It had been like watching the construction of the pyramids--hovering dust clouds, hammering sun, age-old calligraphy of heaving dark men. The actual house had taken several years, and during that time the heiress refused to build toilets for local laborers. They were forced to relieve themselves in the wreckage where they worked, wearing urine-soaked kerchiefs on their faces so they wouldn't choke on dust. She named her fortress Wahi Pana, legendary place. Locals called it Wahi K¯ukae, place for excreting.

Keo watched limos slide through her gates. Lights igniting the main house, several bands. All he had to do was give the guards his name: she was expecting her "golden men" from the Royal. He looked down at his toe-pinch leather shoes, knife-pleated trousers. He looked across the lawns. He had no business here. What he needed wasn't here. He turned away, remembering his mother, earlier, ironing his pants.

"Why you going dere? Dat rich wahine eat you boys alive, toss you out when she get bored."

His sister, Malia, had argued in her studied, drawing-room English. "Mama, that's how it is with haole. The trick is, while they're using us, to use them."

Malia, becoming so chic she no longer fit. She had begun to sound like someone not local but not quite white. Someonestuck in between.

Their mother, Leilani, stopped ironing and stared at her.

"Girlie, you talk to me like dat again, I put dis iron smack on yo' behind. You coming too high maka-maka."

Malia leaned back as if struck. "But you're the one said pau Pidgin in this house. No more talking like k¯anaka. You said learn 'proper' English."

Leilani shook her head. "True. But bumbye you coming too good fo' us."

Malia's voice turned soft and weary. She held out scabby arms. "Mama, look at this. Rash from cheap-starch uniforms. Chambermaid all day at the Moana. At night, dancing hapa-haole tourist hula for the same folks whose toilets I scrub at noon. Why shouldn't I have airs? I earned them."

Malia, golden-skinned, verging on voluptuous. Polynesian features gathered into something just short of beautiful. Only daughter, born between the first two sons, she was "cursed" with drive and cunning. Her drawers full of French perfumes thieved from hotel guests. Designer labels snipped from hats and dresses, resewn into hers.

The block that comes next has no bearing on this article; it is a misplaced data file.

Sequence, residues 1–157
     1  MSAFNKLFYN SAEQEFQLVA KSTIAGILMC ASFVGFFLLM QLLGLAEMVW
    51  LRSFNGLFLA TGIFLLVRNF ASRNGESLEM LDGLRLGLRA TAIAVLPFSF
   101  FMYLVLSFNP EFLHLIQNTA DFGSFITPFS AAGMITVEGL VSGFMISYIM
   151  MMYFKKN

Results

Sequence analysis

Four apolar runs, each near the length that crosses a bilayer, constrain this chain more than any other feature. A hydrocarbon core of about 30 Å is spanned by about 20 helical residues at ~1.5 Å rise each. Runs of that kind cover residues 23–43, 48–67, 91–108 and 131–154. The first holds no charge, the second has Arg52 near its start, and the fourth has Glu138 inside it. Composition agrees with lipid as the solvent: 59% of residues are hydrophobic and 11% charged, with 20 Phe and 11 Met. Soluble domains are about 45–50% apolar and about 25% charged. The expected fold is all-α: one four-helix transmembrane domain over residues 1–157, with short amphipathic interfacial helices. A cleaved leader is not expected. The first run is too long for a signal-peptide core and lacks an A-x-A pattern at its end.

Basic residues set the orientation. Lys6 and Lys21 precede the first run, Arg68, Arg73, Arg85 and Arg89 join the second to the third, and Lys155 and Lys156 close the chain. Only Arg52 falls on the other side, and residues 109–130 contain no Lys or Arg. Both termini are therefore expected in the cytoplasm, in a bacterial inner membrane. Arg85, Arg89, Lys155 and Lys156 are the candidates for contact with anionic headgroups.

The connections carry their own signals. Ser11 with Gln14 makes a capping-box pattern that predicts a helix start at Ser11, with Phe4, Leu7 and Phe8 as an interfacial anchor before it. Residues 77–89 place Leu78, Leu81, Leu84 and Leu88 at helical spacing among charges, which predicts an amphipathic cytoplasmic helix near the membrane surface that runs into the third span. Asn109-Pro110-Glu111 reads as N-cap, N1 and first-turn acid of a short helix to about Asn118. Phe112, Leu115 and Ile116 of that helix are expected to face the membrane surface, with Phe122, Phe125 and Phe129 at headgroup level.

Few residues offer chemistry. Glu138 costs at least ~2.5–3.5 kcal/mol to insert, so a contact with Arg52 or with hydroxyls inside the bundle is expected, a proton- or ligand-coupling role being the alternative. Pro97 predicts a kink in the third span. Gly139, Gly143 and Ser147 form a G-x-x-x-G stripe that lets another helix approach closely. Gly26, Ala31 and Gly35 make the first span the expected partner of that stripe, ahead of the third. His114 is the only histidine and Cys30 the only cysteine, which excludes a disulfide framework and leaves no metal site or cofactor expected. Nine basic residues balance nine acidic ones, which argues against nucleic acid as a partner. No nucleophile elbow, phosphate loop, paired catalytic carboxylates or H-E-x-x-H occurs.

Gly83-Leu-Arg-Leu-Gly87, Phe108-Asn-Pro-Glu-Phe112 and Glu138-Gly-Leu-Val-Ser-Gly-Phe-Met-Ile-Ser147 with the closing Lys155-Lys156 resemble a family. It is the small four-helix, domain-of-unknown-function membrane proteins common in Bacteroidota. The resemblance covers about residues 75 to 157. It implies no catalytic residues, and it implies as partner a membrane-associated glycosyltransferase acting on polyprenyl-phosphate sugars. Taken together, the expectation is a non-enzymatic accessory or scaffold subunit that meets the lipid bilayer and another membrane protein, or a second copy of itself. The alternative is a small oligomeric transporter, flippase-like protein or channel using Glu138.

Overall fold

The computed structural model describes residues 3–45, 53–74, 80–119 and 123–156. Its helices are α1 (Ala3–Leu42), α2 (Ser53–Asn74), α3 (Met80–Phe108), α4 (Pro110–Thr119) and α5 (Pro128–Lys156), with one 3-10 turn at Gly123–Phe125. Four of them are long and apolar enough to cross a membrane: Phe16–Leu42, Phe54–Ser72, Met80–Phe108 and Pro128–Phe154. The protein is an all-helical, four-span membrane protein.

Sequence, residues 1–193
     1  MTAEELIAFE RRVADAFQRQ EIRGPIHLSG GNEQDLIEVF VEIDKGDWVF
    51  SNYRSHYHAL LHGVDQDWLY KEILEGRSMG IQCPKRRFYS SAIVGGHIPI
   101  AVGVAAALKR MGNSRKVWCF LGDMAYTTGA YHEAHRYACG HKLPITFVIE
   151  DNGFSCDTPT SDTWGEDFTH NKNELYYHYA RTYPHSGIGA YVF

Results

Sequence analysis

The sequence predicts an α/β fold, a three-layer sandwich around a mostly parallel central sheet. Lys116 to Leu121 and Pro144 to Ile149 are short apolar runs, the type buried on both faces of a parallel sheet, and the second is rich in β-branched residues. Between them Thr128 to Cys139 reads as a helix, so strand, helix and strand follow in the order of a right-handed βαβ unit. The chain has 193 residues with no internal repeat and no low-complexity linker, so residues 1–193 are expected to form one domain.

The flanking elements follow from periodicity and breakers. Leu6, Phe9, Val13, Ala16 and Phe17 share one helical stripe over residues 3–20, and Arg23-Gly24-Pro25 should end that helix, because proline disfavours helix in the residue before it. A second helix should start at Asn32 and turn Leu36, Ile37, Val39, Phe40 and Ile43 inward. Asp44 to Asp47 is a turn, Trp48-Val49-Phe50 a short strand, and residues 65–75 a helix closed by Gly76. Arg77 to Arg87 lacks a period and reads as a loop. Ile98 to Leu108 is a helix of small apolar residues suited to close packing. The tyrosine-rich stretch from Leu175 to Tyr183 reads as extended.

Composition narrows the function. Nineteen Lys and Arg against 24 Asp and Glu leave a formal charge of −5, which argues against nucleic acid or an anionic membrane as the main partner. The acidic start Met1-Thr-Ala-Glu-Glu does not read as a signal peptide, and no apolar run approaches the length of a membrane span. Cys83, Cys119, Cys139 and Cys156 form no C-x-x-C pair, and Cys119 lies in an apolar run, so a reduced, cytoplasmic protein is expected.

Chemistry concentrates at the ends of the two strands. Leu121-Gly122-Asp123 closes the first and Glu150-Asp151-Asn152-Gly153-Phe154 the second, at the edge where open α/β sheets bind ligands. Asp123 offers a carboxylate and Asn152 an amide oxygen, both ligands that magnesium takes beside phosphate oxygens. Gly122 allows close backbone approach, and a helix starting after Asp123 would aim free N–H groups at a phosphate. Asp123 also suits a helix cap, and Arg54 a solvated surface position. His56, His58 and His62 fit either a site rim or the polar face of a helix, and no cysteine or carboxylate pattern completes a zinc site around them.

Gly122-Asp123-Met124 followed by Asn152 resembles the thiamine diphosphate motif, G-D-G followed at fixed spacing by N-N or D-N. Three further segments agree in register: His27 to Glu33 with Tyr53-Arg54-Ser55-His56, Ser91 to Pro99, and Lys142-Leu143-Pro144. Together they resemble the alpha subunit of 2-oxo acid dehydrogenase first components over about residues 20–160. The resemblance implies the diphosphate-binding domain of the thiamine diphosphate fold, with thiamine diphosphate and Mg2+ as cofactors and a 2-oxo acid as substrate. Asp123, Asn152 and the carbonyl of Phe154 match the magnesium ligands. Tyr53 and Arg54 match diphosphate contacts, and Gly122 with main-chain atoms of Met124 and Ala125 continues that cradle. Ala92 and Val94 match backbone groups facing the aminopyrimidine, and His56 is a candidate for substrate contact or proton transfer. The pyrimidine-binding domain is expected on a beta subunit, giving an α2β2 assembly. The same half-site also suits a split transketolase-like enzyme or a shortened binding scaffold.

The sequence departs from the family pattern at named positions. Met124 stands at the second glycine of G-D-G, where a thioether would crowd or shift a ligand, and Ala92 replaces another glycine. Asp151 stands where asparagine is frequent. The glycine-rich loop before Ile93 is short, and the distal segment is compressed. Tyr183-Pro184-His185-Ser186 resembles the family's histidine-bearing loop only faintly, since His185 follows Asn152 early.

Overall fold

She was a fraud, but Keo loved her deeply. Something in his sister calmed him down.

"I'm proud of you," he told her. "You going be somebody."

"You." She pushed him away. "One day you talk Pidgin, next day 'proper' English. Cunfunnit, make up your mind!"

He smiled. In his youth he'd pushed himself, learning "proper" English. Even without university degrees, Leilani vowed, her kids would sound educated, look educated, wear real leather shoes instead of flapping, rubber slippers. Still, Keo always slid back to Pidgin; it kept him in touch with himself.

Now he turned off Kalakaua Avenue, strolling the sands past the Royal. Farther down stood the U.S. Army installation, Fort DeRussy. He moved up near the open dance floor of the officers' club, watching couples move in circles. The Negro military band played moony renditions of "Body and Soul," "You Are Too Beautiful," their eyes tragic with boredom. One of the Negroes suddenly stood and pointed his horn at the ceiling, making it sob. Couples stopped dancing and listened.

The song was still recognizable, but he played it like someone shaking his skin loose, he was so tired of the world. He didn't bob or sway, just stood apart in ancient grooves. Then at some crucial point the horn turned on the player, the song and his wild talent grappled. He blew it slow, then fast, blew it so it screamed, then crooned. It cursed, then turned docile and familiar. He must have felt too naked. The song eventually won out, flowed into easy rhythms so couples moved round the floor again.

Band taking a break, the man strolled out on the sand, sweat pouring down his face.

Keo approached. "Say. You were great."

"Naw. Great don't reach this far. Not on this fuckin' rock." He turned, peered close, saw Keo was local. "Oh, man, I'm sorry. Thought you was one of the boys from the base."

Keo laughed softly. "I don't mind. Is that a clarinet?"